A high school golf team member was left virtually hairless when duct tape wrapped around his body was pulled off after a hazing ritual.
Underclassmen paid tribute to seniors in high school band by rustling them out of bed before dawn for a special breakfast.
And sophomores were paddled in the middle of the night by a collection of about 30 seniors.
Unusual? Not a bit. It happens year after year to Lawrence public school students, according to parents and school officials. Perpetrators are victims' friends and acquaintances at school. And this behavior, according to a national study, thrives beyond Lawrence. The epidemic of harassment and assault occurs across the nation in just about any type of organization involving teen-agers.
"It goes on everywhere, even in church groups," Sue Goetschius of Alfred University said Thursday.
She said researchers at the New York university had completed a study of hazing among high school students in 2000. They found nearly half 48 percent of 1,390 students who belong to an organized group reported being hazed.
One-fourth of the students said hazing started before the age of 13.
Most hazing was reported in conjunction with sports teams, gangs, musical groups and religious organizations. Approximately 2 million teen-agers are being hazed annually, researchers said.
"Many students do not distinguish between fun and hazing," Goetschius said.
The issue was brought into focus last weekend in Lawrence because Lawrence High seniors collected more than one-half dozen sophomores for a rite-of-passage paddle session. Some of the seniors had been spanked two years before and were primed for payback.
After outcry from parents of some victims, LHS Principal Dick Patterson ordered 16 seniors suspended for two days, excluded them from senior week activities and forced them to take final exams. At least seven of the suspended are on the LHS baseball team.
On Wednesday, Patterson called for formation of a parent-student advisory group that would work to circumvent the need for hazing by creating meaningful bonding rites for athletics teams and school groups.
He said it could take several years to create new traditions that didn't jeopardize the physical or mental well-being of students.
"It takes time to change attitudes," Patterson said. "It's kind of like a cultural change. You've got to have a united mission, an awareness of how you can still end up with bonding, a feeling of membership and acceptance."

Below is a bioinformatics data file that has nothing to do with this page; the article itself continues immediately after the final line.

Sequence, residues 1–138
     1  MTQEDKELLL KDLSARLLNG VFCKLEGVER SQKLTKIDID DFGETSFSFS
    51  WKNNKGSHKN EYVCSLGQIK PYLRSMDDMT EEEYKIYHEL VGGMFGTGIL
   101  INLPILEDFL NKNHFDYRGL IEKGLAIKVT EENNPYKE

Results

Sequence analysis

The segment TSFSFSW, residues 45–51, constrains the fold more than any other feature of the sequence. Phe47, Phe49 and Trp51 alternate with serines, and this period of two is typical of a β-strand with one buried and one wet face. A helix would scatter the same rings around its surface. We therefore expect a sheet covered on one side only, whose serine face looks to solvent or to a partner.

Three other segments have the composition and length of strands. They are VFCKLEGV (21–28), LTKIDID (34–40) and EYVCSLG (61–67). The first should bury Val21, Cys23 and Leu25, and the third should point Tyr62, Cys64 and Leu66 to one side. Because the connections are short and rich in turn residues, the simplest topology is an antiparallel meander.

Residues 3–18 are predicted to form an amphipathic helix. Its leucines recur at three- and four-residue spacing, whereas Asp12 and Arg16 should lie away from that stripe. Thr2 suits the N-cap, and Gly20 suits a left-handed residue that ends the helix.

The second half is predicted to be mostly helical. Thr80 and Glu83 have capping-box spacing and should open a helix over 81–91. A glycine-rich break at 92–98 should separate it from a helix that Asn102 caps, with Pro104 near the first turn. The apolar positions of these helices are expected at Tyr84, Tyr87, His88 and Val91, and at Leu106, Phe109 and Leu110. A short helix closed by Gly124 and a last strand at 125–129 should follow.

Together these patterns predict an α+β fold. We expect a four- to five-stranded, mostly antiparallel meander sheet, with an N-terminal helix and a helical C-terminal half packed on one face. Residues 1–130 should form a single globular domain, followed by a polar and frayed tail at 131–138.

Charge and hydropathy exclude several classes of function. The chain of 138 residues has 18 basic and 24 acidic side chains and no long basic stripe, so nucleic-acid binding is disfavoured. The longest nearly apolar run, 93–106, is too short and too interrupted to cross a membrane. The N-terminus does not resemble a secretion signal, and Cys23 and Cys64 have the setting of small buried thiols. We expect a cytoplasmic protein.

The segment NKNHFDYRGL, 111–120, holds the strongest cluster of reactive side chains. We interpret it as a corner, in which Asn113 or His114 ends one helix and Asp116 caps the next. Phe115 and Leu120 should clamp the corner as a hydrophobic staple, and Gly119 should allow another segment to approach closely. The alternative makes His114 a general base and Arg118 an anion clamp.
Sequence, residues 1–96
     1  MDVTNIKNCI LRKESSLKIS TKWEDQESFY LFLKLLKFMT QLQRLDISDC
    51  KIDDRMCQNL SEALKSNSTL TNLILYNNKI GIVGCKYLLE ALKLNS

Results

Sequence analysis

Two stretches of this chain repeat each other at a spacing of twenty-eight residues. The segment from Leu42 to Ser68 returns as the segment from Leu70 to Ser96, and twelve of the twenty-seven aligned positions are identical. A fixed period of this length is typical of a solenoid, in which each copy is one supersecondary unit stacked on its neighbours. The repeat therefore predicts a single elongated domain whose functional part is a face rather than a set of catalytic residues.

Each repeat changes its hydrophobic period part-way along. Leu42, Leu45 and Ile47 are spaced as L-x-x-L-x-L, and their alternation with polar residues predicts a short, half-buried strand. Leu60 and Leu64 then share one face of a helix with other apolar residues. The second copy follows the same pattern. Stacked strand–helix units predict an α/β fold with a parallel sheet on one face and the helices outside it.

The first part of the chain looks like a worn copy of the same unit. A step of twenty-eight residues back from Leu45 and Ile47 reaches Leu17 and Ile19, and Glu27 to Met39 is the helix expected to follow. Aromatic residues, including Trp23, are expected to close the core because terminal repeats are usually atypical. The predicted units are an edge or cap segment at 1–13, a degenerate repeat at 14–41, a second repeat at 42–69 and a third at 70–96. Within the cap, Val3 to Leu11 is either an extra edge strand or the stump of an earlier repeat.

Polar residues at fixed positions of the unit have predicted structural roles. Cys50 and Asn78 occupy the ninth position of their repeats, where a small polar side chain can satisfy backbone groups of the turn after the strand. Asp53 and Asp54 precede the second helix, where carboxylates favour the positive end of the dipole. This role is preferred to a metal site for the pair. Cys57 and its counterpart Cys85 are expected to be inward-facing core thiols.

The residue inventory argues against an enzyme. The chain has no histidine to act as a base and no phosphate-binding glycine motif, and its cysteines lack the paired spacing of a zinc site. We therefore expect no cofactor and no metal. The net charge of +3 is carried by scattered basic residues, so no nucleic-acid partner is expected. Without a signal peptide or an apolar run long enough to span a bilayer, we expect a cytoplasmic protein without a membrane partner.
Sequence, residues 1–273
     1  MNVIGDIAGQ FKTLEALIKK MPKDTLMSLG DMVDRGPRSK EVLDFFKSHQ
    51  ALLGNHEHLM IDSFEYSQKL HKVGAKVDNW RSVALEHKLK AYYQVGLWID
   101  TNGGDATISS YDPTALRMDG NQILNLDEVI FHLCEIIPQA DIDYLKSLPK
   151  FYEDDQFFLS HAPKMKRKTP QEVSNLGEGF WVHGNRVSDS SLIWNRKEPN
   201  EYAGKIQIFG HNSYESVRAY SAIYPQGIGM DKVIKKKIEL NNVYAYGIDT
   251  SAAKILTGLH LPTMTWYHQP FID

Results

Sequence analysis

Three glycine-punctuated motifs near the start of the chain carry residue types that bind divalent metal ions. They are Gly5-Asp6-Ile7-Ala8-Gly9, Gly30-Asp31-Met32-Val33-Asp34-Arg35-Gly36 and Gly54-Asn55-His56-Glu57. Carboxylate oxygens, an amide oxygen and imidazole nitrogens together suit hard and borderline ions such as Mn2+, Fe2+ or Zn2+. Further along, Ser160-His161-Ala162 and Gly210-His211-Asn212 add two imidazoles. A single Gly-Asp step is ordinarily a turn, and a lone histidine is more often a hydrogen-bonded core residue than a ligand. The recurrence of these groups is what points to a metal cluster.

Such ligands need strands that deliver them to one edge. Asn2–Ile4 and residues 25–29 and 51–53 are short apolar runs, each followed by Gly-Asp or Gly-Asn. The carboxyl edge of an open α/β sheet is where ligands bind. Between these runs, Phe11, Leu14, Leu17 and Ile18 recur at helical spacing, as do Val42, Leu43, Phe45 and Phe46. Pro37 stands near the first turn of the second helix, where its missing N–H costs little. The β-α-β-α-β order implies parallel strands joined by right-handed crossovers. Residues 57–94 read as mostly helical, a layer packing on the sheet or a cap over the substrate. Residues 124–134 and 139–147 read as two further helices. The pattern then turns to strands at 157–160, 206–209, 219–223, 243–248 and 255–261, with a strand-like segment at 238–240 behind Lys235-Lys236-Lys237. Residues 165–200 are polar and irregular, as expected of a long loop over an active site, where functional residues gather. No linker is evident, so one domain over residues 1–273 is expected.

Goetschius said nonthreatening activities might including having players take an anti-hazing oath as they join the team, completing team-building obstacle course exercises or doing volunteer community work as a group.
However, she said, students in the survey said punishment and prosecution must be part of the mix. Sixty-one percent said strong discipline was needed to combat hazing. Fifty percent thought investigation and prosecution by law enforcement to be crucial.
In the study, hazing was defined for students as "any humiliating or dangerous activity expected of you to join a group, regardless of your willingness to participate."
Goetschius said some students and adults view hazing as harmless exercises in camaraderie.
"They don't understand that it's potentially harmful," she said.
She said 71 percent of students subjected to hazing reported feelings of resentment, difficulty sleeping, concentrating or eating and getting into fights with other students or parents.
Other findings of the study:
48 percent of boys and 39 percent of girls said they were made to engage in humiliating behaviors, such as being yelled or cursed at; told to skip school or not associate with certain people; forced to eat disgusting items; or tattooed, shaved or pierced.
24 percent of boys and 18 percent of girls reported being forced to drink alcohol or smoke or use illegal drugs; made to participate in drinking games; or exercising or drinking until passing out.
27 percent of boys and 17 percent of girls said they were forced to vandalize property, steal or cheat, or engage in sexual acts.
Alfred University mailed a two-page questionnaire to a random sample of 20,000 high school juniors and seniors. The researchers received 1,541 useable responses, which equated to a rate of 8 percent.
They embarked on the project because a 1999 survey indicated 42 percent of college athletes who said they were hazed to join their college team reported that they had first been hazed in high school. Five percent of these collegiate athletes said they were initially hazed in junior high school.